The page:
By Jay Menard
To me, Peachy Keen Productions represents what Fringe should be: quirky, creative, and filled with heart. The Manic Pixie Dream Girl is a shining example of the best that Fringe has to offer.
That’s not to say it’s perfect. The opening-night performance featured some significant challenges in the audio and lighting — to the point where the production became a little disjoined. But overall the heart and soul of show came shining through.
For those not familiar, a Manic Pixie Dream Girl is a film archetype — think Kirsten Dunst in Elizabethtown or Natalie Portman in Garden State (or basically anything that Zooey Deschanel has ever done). These women exist solely to serve the man’s purpose. They are one-dimensional, uber-cute, and have no motivation of their own, other than to save the male protagonist.
Peachy Keen’s production deconstructs the Manic Pixie Dream Girl from the inside — facing head on the challenge of a character that’s self-aware enough to know that self-awareness will destroy the archetype.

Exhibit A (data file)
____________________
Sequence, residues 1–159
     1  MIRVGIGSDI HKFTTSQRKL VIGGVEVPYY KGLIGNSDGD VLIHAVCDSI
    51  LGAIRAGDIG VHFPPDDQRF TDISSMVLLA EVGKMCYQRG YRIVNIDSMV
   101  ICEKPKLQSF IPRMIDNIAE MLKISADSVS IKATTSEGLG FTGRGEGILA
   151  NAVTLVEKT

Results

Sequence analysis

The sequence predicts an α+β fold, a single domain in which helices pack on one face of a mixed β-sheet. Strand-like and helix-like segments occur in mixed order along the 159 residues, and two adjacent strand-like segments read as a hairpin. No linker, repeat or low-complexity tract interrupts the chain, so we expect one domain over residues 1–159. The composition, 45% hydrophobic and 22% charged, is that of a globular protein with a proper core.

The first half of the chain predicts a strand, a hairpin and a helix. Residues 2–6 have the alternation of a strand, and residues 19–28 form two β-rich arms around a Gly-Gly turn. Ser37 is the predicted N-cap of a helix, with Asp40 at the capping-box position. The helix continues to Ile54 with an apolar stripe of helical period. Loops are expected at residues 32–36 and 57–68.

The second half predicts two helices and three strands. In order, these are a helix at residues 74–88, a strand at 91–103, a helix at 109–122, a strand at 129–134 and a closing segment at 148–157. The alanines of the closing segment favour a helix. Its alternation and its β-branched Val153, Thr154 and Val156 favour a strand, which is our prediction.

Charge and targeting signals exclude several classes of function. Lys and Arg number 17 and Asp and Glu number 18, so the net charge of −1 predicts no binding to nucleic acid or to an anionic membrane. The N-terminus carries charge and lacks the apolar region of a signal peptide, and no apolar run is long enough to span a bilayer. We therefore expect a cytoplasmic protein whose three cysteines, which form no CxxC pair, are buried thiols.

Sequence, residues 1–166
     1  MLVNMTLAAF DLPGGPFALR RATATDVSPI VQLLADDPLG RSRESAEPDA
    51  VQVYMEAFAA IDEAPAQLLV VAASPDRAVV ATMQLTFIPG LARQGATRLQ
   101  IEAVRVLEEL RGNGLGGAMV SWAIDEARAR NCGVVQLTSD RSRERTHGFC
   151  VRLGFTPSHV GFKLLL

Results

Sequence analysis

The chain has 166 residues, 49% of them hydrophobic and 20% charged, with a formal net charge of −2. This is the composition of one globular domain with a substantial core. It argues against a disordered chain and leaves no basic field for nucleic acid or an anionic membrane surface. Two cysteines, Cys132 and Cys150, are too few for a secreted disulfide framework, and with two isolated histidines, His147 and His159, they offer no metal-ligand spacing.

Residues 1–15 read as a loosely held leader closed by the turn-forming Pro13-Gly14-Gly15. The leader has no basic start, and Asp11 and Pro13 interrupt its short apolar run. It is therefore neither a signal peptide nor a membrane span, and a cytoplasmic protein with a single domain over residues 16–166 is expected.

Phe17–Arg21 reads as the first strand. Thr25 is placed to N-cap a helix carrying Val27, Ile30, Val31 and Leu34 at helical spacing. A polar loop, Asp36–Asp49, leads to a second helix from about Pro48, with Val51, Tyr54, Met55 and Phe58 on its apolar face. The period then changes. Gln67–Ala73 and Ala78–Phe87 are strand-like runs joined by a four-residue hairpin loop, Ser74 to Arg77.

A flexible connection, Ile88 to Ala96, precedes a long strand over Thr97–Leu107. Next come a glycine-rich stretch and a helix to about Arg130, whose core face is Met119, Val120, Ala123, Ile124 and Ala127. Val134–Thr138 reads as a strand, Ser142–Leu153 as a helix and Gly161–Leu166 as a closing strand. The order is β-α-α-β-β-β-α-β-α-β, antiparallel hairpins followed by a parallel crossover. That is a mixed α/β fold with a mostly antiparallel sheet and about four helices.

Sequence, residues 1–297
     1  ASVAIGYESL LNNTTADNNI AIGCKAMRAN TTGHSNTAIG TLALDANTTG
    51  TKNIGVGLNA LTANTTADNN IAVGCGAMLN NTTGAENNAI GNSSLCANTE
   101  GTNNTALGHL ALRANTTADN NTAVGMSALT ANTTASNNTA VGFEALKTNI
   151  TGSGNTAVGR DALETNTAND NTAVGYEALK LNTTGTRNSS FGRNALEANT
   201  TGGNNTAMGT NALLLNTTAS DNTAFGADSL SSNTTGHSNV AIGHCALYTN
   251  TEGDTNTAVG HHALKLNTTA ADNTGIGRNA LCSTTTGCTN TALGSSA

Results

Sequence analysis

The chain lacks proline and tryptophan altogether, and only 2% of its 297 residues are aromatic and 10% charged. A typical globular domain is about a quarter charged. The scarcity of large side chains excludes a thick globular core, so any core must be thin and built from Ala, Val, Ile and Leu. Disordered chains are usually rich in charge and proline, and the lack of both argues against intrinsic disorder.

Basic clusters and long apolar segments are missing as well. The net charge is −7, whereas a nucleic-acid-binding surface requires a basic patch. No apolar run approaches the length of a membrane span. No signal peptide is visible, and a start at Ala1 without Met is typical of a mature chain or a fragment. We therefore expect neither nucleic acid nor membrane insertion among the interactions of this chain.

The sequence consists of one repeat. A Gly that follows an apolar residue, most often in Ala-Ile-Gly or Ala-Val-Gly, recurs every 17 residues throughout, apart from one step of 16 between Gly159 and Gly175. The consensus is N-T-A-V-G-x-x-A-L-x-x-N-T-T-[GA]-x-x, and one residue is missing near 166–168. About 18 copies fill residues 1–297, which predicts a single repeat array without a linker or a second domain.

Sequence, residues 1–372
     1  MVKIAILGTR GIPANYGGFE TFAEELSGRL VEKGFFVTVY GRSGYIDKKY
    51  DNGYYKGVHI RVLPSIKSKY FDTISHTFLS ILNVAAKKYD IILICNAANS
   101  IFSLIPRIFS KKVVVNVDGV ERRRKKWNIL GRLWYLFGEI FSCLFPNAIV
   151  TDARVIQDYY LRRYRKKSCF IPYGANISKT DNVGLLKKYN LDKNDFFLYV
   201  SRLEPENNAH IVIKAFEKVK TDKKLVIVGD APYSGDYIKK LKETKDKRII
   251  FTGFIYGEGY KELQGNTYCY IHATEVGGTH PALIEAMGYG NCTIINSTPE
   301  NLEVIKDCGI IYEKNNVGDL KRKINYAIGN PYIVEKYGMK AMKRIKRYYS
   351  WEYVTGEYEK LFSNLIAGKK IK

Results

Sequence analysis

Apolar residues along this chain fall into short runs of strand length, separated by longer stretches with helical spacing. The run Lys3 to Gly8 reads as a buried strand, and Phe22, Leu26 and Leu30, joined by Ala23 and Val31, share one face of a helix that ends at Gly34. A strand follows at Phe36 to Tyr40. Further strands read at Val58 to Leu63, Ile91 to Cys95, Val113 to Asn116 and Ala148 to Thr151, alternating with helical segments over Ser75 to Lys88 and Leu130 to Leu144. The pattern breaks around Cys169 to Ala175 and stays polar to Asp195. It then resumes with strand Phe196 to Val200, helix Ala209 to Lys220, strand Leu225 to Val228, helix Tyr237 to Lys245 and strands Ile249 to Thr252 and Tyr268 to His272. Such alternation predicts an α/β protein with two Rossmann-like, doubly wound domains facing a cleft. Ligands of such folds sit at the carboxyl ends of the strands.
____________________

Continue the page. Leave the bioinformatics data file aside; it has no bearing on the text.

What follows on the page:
It will destroy her very reason to live.
Sidney Hayduk’s Dream Girl is sent by the writers of the production to save Justin Otto’s troubled male writer character. At times, it becomes a play within a play within a play. And the fourth wall, along with conventional archetypes, are shattered along the way.
In the end, we’re left to question what matters? Are our needs elevated by the unquestioning support of another, or does that unwavering devotion without thought of one’s own needs undermine our personal growth? Are we not better — however we define that word — through our growth as fully formed partners?
Do we need to be served to be saved? Or is salvation a product of mutual support? Can we kill the Manic Pixie Dream Girl. Should she ever have existed in the first place?
Even with the technical challenges, this is Fringe at its best.